German Chancellor Angela Merkel firmly believes a deal with Greece is possible if Athens acts responsibly. But she made it clear that EU solidarity did not come for free and that "painful" reforms were inevitable.
In a speech to the Bundestag, Germany's parliament, Merkel did not mince her words, telling Athens that Greece had experienced an "unprecedented amount of European solidarity" and that a deal with its creditors was still possible.
"Where there's a will, there's a way," Merkel stressed, adding that Greece was not the only country that needs help and that Spain, Ireland, Portugal and Cyprus had successfully implemented "painful" reforms or were "on the right track."
She urged Athens to do the same and emphasized that all efforts were "directed at Greece staying in the eurozone," if it is willing to compromise. "Solidarity and responsibility go hand in hand," she told lawmakers.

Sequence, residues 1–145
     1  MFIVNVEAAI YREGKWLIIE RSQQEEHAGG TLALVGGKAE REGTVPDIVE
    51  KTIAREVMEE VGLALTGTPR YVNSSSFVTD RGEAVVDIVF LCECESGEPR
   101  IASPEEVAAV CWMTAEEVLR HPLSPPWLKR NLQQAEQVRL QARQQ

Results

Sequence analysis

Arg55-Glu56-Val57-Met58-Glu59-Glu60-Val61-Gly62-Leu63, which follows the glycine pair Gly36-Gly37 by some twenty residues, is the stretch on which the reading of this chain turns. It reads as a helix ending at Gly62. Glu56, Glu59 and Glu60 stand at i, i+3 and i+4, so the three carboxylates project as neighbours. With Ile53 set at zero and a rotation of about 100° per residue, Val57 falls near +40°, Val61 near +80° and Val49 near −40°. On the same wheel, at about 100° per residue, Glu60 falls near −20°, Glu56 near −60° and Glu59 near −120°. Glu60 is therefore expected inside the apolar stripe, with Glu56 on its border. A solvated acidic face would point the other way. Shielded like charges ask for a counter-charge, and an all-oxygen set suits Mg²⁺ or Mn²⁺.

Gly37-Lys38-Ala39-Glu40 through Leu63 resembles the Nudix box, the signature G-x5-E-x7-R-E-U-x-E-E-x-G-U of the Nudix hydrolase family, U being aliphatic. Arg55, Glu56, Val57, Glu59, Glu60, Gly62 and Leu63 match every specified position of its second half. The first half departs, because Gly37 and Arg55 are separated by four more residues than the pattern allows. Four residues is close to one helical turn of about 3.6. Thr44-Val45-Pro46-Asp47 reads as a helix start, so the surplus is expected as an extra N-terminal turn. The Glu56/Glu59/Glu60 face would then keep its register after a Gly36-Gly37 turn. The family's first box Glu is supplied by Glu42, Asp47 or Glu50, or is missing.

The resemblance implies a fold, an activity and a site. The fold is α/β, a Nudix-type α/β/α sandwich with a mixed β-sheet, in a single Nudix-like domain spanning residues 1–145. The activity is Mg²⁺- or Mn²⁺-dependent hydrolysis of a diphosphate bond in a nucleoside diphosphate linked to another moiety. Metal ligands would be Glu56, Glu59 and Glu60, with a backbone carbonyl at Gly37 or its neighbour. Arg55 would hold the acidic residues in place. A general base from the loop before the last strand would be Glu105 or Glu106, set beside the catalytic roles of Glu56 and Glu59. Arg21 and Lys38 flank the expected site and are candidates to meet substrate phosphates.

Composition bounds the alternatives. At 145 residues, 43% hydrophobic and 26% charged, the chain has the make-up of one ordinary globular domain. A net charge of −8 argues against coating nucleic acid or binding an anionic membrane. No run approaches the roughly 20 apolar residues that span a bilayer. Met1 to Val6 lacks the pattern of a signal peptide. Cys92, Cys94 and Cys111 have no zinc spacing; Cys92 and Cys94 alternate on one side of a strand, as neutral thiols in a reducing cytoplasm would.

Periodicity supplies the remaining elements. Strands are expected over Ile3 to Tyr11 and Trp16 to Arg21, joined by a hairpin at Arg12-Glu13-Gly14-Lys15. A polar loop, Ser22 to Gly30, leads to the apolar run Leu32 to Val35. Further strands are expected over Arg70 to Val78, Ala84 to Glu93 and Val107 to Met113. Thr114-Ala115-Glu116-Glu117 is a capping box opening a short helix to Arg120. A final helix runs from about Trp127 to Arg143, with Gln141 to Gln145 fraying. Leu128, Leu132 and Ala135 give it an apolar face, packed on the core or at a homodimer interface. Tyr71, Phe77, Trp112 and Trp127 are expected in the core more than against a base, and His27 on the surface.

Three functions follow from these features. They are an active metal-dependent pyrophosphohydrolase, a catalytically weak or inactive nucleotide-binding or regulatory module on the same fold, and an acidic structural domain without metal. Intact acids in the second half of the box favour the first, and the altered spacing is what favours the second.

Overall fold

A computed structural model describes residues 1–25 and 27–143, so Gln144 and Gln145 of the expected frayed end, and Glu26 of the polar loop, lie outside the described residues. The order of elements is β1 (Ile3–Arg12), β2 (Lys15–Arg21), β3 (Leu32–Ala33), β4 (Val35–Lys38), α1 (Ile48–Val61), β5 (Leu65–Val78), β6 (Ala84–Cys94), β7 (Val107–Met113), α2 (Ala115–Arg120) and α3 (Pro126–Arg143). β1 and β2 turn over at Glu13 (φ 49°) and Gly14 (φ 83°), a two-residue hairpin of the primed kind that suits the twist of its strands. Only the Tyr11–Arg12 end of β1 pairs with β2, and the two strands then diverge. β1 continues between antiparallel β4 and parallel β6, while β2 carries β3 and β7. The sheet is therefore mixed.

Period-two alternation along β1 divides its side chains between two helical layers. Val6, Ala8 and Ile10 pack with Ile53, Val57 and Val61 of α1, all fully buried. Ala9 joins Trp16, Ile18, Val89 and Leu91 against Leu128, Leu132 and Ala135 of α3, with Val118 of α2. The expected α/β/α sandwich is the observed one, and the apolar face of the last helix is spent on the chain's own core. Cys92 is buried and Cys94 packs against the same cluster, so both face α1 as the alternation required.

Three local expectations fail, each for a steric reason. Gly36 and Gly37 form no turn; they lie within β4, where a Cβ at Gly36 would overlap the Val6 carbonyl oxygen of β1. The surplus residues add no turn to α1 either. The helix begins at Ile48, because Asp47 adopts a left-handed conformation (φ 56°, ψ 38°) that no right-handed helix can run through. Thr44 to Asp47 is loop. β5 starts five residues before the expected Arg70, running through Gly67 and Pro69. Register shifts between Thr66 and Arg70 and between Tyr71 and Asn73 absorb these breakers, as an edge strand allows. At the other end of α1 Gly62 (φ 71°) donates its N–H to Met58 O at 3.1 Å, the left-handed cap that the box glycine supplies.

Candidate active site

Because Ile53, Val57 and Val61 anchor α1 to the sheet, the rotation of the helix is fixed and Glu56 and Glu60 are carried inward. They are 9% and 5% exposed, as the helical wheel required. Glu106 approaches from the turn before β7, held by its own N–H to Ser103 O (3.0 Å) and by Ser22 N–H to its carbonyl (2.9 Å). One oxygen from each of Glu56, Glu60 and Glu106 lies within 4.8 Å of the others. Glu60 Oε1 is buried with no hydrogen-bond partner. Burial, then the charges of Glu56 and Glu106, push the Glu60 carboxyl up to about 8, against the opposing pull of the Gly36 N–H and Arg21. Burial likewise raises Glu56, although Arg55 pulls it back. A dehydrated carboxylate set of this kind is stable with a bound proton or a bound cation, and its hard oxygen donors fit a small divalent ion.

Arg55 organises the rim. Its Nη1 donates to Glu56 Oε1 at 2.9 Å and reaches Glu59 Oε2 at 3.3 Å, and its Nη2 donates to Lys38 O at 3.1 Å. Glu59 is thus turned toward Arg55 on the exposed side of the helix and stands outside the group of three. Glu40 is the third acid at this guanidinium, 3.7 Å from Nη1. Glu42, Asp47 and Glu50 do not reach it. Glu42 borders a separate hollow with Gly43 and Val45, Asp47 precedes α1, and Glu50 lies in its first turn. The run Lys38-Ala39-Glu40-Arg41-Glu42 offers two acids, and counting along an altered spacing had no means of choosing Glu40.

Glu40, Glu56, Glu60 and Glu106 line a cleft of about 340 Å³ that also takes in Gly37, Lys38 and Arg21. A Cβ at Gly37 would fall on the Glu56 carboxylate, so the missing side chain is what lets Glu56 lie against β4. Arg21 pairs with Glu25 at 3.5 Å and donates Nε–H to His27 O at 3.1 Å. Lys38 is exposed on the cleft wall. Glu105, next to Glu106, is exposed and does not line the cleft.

Merkel's speech came ahead of a meeting of eurozone finance ministers on Thursday. The meeting is seen as one of the last chances to break the deadlock in stalled negotiations on Greece accessing 7.2 billion euros (8.1 billion dollars) remaining from a bailout by the European Commission, the European Central Bank and the International Monetary Fund.
Merkel also made clear that she did not want the UK to leave the bloc, saying that she wanted London as "a strong partner" in the EU. She said she thought of Britain as a model for "competitiveness" which the EU and the eurozone needed to improve and prioritize.
But she also said the UK needed to make clear "what role it wants to play" in the EU.
Merkel opened her speech with a call for EU-wide standards for dealing with refugees and asylum seekers. She said Europe needed to fight the causes of people fleeing and being displaced.